Women too, play an increasingly strong role in Samoan public life affirms Tate Simi, a New Zealand educated draughtsman and poet who generously gave of his time and knowledge on Malietoa’s day of burial to provide impromptu comment for this report.

“Women’s role has improved dramatically in government and politics over the last few years”.

He gives much credit for the increasing participation of women to Fetaui Mata’afa, widow of the first Prime Minister of independent Samoa, Fiame Mata'afa Faumuina Mulinu’u II, and second woman elected to the Samoan Parliament. In turn, their daughter, Fiame Naomi Mata'afa, now a senior cabinet minister in Apia, demonstrates the increased influence of women in Samoan public life – from Parliament to the Judiciary.

Tate Simi expects his daughter, now finishing a degree in New Zealand, will find the increasing democratisation of life in Samoa will give her even more opportunities to participate. Her generation enjoys equality in access to education. They have a lot to be thankful for to these pioneers.

Samoa's challenges
But Samoa is not strong enough to provide a full life for all Samoans, as Tate Simi comments on the day Malietoa is taken to his final resting place. Tate Simi watches a school group walk to give their respects to Malietoa and predicts half of them will stay in Samoa and half will go overseas.

Tate Simi decribes the contemoporary Samoan New Zealand relationship as “finally matured”. The countries are now open and frank about the nature of their relationship, warts and all. He recalls the apology given to Samoa some time ago by Prime Minister Helen Clark for “some of the indiscretions of the New Zealand administration” in colonial times.

Dr Kilifoti Eteuati, now Samoa’s High Commissioner to Canberra is an historian to whom to turn to learn of an indigenous view of the movement for Samoa for the Samoans.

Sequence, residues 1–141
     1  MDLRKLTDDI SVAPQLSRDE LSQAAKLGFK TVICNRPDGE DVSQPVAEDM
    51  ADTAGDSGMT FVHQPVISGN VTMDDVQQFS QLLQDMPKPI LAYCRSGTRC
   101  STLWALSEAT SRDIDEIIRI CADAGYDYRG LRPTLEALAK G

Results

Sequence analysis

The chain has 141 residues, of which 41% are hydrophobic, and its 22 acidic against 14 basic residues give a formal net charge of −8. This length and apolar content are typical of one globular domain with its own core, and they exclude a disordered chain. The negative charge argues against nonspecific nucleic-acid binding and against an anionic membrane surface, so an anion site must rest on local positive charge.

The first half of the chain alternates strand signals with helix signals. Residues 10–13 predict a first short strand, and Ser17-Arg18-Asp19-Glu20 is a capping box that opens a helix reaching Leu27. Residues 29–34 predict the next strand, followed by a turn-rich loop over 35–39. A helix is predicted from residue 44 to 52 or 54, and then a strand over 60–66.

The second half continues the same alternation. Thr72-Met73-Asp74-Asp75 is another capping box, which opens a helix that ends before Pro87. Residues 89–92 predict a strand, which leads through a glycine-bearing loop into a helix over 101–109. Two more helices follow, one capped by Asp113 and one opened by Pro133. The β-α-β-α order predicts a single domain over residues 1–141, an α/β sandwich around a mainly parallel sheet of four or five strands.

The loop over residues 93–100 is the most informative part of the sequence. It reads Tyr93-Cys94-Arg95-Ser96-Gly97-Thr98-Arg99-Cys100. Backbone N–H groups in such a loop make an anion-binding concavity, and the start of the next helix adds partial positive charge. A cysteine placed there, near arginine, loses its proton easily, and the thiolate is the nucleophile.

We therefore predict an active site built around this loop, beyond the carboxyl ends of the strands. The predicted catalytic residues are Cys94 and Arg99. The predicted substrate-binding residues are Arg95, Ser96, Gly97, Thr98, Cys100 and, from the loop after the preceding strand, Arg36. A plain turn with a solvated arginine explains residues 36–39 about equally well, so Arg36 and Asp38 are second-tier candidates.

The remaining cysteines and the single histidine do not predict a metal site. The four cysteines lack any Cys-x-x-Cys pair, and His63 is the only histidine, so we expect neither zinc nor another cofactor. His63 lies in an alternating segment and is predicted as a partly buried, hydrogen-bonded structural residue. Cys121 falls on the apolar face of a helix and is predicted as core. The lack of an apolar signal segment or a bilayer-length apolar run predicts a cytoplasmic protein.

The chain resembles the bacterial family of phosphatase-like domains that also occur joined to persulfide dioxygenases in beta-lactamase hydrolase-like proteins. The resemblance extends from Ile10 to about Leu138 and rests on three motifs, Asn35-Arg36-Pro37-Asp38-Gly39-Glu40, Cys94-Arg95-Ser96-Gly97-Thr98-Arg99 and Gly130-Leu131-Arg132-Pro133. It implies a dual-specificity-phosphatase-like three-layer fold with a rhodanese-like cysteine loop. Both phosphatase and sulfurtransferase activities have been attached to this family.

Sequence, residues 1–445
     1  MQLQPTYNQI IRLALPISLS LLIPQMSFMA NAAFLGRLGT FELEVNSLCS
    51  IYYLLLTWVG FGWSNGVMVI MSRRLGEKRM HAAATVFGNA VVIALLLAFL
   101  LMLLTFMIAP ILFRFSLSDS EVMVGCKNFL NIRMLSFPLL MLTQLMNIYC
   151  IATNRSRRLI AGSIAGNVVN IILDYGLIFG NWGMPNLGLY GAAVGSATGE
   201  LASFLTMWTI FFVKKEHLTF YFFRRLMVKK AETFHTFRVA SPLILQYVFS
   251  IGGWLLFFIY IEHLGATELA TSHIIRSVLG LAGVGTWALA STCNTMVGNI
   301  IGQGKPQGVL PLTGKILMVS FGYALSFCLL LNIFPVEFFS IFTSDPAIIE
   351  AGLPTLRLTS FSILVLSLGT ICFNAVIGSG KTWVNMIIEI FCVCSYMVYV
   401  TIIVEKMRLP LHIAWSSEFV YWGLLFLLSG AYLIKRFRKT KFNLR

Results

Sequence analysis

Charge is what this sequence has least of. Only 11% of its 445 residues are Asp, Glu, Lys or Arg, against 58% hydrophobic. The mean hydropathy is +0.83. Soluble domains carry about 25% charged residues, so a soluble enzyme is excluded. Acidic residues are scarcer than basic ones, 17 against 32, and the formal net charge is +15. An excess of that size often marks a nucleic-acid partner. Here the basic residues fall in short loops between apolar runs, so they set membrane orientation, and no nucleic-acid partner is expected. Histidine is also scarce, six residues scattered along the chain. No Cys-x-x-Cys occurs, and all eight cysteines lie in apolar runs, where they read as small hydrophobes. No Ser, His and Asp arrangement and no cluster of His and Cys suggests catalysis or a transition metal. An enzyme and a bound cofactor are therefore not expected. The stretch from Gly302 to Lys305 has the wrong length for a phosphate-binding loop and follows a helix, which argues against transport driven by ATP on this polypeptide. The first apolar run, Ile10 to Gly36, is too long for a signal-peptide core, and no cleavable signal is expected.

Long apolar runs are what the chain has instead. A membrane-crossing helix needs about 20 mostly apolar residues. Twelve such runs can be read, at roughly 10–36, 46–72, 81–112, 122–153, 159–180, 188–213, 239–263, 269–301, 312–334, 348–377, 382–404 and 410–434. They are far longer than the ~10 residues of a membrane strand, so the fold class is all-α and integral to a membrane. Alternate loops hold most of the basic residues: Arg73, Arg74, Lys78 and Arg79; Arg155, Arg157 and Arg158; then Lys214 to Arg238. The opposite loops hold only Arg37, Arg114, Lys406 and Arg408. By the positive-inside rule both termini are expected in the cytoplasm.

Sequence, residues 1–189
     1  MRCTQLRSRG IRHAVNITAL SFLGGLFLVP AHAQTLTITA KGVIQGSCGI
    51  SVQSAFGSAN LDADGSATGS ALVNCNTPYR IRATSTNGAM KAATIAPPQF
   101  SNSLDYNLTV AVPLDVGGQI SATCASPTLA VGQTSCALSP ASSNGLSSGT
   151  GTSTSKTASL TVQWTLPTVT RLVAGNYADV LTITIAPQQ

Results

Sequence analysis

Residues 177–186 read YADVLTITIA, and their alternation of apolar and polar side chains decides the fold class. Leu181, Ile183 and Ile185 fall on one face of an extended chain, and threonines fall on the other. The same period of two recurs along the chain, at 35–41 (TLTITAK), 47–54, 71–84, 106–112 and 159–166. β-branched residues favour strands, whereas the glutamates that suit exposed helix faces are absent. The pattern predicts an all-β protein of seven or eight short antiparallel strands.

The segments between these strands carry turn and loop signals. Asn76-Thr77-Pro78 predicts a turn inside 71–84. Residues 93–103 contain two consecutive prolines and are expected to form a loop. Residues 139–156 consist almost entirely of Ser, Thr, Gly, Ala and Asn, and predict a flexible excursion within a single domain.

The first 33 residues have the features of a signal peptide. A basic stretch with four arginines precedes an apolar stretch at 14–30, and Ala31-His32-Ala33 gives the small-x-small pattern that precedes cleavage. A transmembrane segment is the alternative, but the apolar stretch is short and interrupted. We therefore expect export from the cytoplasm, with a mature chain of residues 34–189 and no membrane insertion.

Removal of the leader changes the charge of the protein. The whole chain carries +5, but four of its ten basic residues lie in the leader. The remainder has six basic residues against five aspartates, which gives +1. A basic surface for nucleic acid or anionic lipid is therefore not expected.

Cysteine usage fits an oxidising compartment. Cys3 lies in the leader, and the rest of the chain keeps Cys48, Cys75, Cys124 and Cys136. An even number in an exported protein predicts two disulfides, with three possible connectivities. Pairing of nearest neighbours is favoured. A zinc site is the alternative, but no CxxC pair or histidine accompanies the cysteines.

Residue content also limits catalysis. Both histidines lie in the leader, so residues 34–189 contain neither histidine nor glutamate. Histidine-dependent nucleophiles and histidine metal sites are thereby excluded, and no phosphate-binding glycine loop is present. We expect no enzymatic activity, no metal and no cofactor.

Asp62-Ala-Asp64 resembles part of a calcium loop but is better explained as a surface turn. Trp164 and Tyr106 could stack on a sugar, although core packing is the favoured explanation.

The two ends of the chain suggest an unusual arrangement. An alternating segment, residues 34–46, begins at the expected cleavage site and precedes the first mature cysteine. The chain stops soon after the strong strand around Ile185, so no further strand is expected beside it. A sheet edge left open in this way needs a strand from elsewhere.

Three retired former New Zealand foreign service officers, Sir George Laking, Frank Corner and Gerald Hensley, deserve credit for their efforts to overcome the legacy of those early Kiwi indiscretions.

Contemporary community voices, officials and Parliamentarians in New Zealand have to manage both their relations with self governing Pacific Islands, Samoan and other Pacific New Zealanders living as Kiwis. Private conversations with senior New Zealand officials in Wellington, the day after Malietoa was laid to rest, provided a reminder that institutions charged with managing some of these domestic and external relations are under performing.

Next generation
The opening Act in Samoa’s self determination era is ended. New Acts are being played out by Samoa and its neighbours. The next generations have the opportunity - and need - to build on what Malietoa and other fathers, mothers and friends of Samoa and the Pacific have left them.

by Anthony Haas, who flew with part of the official New Zealand party on the RNZAF Hercules to Apia for the funeral of Malietoa.

20 May 2007


  

 

 

Affiliated programs Sitemap Privacy Accessibility Terms of use

Search powered by
Google New Zealand W3C HTML Guidelines

Copyright © 2006 Asia Pacific Economic News Ltd. All rights reserved. Users of the Guide are free to make copies or entire pages for personal or educational use, but not for commercial purposes. Copies of individual photos or ilustrations may not be made without the permission of the copyright holders. Use of this website signifies your agreement to the Terms of Use.